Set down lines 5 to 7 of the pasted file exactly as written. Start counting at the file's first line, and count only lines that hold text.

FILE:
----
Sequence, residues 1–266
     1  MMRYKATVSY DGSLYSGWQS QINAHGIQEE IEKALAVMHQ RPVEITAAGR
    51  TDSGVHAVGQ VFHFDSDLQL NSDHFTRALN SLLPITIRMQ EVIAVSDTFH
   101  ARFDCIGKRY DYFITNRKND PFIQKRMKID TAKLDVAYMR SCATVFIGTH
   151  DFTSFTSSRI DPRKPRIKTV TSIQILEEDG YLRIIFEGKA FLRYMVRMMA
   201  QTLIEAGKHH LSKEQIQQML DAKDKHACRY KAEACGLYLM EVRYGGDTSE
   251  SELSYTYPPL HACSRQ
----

   151  DFTSFTSSRI DPRKPRIKTV TSIQILEEDG YLRIIFEGKA FLRYMVRMMA
   201  QTLIEAGKHH LSKEQIQQML DAKDKHACRY KAEACGLYLM EVRYGGDTSE
   251  SELSYTYPPL HACSRQ